Ireland hopes to export 100,000 more livestock in 2018

By Oscar Rousseau

- Last updated on GMT

Irish livestock exports increased by 30% last year - and farmers want year-on-year growth
Irish livestock exports increased by 30% last year - and farmers want year-on-year growth

Related tags International trade Cattle Beef Lamb Livestock

The Irish Farmers Association (IFA) has challenged government to ensure industry has the infrastructure in place to export an extra 100,000 live animals this year.

IFA national livestock chairman Angus Woods said Ireland needed to target an additional 100,000 head of live exports for 2018.

He called on Ireland’s agriculture minister Michael Creed to ensure the country’s live animal exporters​ had access to full ferry facilities during the peak weeks when calves, cattle and lambs are sold.

Speaking at a livestock export seminar hosted by Bord Bía, Creed said continued market access was “absolutely critical​”, adding: “It must be of the highest priority to minister Creed that the new arrangements can deal with our live exports and shipping requirements during this peak export period.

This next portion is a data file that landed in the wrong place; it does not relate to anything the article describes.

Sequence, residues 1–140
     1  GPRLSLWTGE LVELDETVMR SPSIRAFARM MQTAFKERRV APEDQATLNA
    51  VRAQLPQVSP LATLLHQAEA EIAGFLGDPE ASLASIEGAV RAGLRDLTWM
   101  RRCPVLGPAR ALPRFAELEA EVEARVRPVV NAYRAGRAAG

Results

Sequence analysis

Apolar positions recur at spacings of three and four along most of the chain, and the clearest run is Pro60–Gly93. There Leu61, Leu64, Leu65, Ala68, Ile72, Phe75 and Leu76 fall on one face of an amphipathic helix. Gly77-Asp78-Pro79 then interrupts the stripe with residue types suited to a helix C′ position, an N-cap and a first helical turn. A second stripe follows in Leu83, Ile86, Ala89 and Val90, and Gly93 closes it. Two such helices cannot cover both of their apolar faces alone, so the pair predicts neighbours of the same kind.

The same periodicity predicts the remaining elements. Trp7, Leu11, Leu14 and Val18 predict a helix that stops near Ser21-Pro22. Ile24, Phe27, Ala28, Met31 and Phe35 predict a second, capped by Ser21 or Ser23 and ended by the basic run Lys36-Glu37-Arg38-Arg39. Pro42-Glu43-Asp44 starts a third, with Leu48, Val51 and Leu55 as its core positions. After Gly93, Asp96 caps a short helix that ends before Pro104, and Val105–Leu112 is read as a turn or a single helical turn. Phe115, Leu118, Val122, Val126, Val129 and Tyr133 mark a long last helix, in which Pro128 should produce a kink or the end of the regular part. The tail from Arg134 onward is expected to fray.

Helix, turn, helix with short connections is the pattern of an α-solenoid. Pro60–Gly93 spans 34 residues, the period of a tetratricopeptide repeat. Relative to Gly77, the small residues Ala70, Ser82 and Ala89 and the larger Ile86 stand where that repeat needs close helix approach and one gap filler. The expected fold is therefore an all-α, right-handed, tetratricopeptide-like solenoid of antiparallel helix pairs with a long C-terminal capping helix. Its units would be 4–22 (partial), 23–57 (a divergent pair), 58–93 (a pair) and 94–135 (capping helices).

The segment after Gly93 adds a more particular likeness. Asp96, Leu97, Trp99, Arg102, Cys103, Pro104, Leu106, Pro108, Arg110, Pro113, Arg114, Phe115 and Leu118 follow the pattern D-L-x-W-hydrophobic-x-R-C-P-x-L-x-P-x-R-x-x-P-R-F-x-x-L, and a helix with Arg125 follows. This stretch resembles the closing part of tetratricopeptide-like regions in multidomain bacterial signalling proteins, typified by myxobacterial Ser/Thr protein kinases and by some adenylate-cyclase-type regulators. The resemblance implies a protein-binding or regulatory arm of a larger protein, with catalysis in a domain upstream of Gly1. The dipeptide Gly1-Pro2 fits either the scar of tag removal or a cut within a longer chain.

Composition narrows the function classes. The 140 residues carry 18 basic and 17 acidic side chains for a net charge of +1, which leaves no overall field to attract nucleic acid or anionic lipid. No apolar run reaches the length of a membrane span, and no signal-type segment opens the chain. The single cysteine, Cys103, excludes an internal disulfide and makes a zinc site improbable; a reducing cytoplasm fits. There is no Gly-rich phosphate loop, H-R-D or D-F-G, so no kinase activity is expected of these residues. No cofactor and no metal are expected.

Minister Creed, who is supportive of the live trade, needs to put all the necessary resources in place to facilitate a live trade of an additional 100,000 head of live animals.​”

Shipping route disruption

IFA said it would meet with senior officials from Ireland’s Department of Agriculture to discuss ferry and access issues that have reportedly raised concern amongst the country’s livestock exporters.
The concern is in part attributed to the fact that Stena Line – one of the world’s biggest ferry operators that carries Irish cattle all over the world – will service its current vessel in February and March.

While Stena is set to replace this ship with another vessel on a temporary basis, IFA wants the Irish government to provide assurances that the shipping arrangements will not affect what could be a strong year for business.

Irish exports of live animals​ increased by 30% to 187,870 head last year, according to the IFA. Calf sales were particularly strong after the government cut charges on calf exports from €4.80 to €1.20 per head.

Markets of interest for Irish live exports include Spain, Turkey and a string of countries in North Africa.
The Ministry of Agriculture could not be reached for comment at the time of writing.

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